When my son was a toddler, we began feeding crows.
I’m sure how it started exactly, only that we had moved into a strange, free house. It was a housesitting situation, passed along, in the way these things work in rural Appalachia, by a friend. She had been the house sitter first, but now she and her husband were moving on.
The house came down to me, its opportunity: to live rent-free in a place newly remodeled inside with a dishwasher and whisper-close drawers, and its burdens: to live in the middle of nowhere, at a crossroads in the country, with an elderly landlady just up the road who had a habit of dropping by unannounced. She didn’t like anything on the walls. She didn’t like the busyness of my young son. It was like living in a sterilized pod, maybe milkweed: sealed, coolly white, and prickly.
A terrible crime had taken place in the house, which I managed to keep a secret from my son while we lived there so he wouldn’t be scared. An old woman had been robbed, tied up and beaten. She survived, and the men were sent to prison. I wrote a poem about it. The landlady had bought the house after, cheaply I think, and redid only the inside. The exterior walls peeled, the gutters tilting. My friend had seen a ghost there once, she thought maybe—but it was a child, not the ghost of the old woman who, presumably, still survived. The house was next to an graveyard. Did I not mention that?
I used to watch the tombstones through the bathroom window when I took a bath on sunny afternoons before it was time to pick up my son from daycare. The only trouble we had with the graveyard was around Halloween, when teenagers ran through, laughing and drinking. The only visitors we had to the house were lost: college-aged hikers looking for an infamous local hill.
And the crows. The crows were our company, every night.
I’m not sure how it started, except there was a cement slab on a high part of the large, grassy yard, which sloped to meet the road on two sides. It seemed perfect for a small picnic, or some kind of offering. One night, I left table scraps out on the slab. And crows came.
The crows started to come regularly. I gave them our leftovers, right after dinner. They knew the time. They would line up in the driveway if I arrived home late, strutting and cawing at my car.
They did leave shiny things for us, what you may have heard is true. Old rusted coins, and once, a toy hammer, just the right size for my son’s hands, my son who loved tools and construction. The hammer had a red handle. They left it on the slab. I baked a quiche for them, after that.
We don’t feed the crows anymore, not in this new city. The first day we arrived at the house, there were big crows waiting on the neighbor’s lawn. I saw them a lot in those first few weeks. It’s like they’re telling you it’s okay, my partner said. We talked about putting a crow bath in the backyard, but it has to be larger than a bird bath, and crows might wash their food in it, which is sometimes smaller, dead birds. I don’t mind cleaning dead birds out of the backyard if it makes you happy, my partner said.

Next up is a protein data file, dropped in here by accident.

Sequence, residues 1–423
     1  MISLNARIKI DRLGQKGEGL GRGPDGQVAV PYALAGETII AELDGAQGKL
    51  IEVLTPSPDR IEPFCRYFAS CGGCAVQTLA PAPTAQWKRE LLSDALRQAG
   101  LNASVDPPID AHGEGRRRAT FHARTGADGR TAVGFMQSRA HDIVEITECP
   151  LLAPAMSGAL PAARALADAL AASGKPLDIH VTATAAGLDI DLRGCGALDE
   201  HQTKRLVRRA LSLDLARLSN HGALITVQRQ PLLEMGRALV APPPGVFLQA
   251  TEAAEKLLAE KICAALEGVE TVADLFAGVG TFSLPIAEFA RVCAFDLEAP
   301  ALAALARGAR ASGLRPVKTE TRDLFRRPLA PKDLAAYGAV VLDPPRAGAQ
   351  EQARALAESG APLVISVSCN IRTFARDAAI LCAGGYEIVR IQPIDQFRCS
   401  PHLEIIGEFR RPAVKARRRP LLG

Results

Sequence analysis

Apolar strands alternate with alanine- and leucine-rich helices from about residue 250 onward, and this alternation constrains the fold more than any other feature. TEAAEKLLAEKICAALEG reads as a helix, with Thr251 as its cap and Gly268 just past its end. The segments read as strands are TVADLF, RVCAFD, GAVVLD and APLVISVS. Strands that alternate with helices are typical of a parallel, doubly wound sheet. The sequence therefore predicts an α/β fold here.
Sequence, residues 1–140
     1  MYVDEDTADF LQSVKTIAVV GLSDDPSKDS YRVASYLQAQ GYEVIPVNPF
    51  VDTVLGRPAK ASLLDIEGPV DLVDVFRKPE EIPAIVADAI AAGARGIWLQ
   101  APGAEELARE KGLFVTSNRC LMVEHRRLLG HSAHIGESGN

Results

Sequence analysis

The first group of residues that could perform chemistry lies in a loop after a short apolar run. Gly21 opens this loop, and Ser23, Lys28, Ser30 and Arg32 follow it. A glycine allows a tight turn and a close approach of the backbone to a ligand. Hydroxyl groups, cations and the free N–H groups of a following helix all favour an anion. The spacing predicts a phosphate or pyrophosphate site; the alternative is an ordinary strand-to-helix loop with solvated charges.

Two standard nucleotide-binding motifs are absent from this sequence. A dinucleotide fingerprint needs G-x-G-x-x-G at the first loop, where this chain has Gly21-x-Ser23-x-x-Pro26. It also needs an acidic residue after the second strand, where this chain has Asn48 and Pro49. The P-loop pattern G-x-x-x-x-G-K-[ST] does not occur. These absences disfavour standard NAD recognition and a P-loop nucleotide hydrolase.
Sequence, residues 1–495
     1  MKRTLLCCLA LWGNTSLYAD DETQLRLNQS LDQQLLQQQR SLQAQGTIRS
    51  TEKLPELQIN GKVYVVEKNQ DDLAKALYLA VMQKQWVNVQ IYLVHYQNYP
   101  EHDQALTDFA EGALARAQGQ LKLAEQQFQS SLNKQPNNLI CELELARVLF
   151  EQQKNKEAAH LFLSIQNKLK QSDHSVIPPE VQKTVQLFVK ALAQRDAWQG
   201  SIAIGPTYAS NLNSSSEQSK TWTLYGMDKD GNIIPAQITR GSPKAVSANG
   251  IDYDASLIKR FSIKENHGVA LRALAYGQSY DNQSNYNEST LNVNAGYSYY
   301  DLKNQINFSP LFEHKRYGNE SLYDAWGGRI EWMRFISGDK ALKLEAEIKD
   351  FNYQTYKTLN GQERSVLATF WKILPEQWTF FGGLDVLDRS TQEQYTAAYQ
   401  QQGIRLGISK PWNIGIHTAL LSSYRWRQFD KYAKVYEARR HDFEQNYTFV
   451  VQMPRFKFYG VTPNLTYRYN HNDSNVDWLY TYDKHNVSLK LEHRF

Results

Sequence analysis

The other night, I did a reading, and I was struck with how it felt different than most of the other virtual events I’m doing these days, except for my book launch. It seemed like old times, before we had to meet on screens—and I think I figured out why: it felt like community. I liked the writers I read with, though we didn’t know each before. There was an intro, a guest speaker. It felt friendly and warm, like we might all go out for drinks after, had been to a big dinner before.
This has to last you awhile, I thought. This is what you get.
Patterns are important now, and events to look forward to that mark a break. The changing of the season seems more meaningful and magic. We went for a walk the other night before dinner and I was amazed at how many leaves are already on the ground. I’ve gotta pay more attention to you, trees, I thought.
Maybe your community is with the trees now. Maybe it’s with the creatures there with you at home, which are cats. Or the neighbors you only see in passing, masked, and do not know or get to hear their names.
My community now is my partner, my child, our cat, crows, and trees. The neighbors behind their windows, the family we see masked at a distance, the beloved friends I see only on screens. We’re doing the best we can, not only to survive this but to be happy, to make it special how we can.
People say to scale back Halloween this year. I say the opposite. Make it the biggest Halloween yet, with decorations that last to December. Watch a horror movie every day. Dress up. And cook a feast on Halloween night—it’s a Blue Moon. Make it a big deal, even if the only thing you’re celebrating is yourself enduring this darkness.
I dislike cooking, though I love to eat. If I’m cooking for anyone other than myself, I feel too anxious about pleasing them to do a good job. Potlucks—remember those?—always made me nervous for that reason.
Then I stumbled onto this recipe years ago: Pumpkin Stuffed with Everything Good. It isn’t really a recipe, so much as a guideline. I find the pumpkin often takes longer to cook, and I use more of everything than the recipe calls for, while usually leaving out the bacon (it gets soggy) and chives. But this pumpkin is a show-stopper. Early in graduate school, I started bringing this to parties, and then it was all over for potlucks for me. Other people started making the pumpkin too, and then my go-to was no longer mine; I went back to bringing store-bought cookies to parties, too nervous and tired to do more. But this quarantine Halloween, we’re cooking a feast: a roast, stuffed mushrooms, molten chocolate cupcakes in a skull mold … And I’m re-claiming my pumpkin.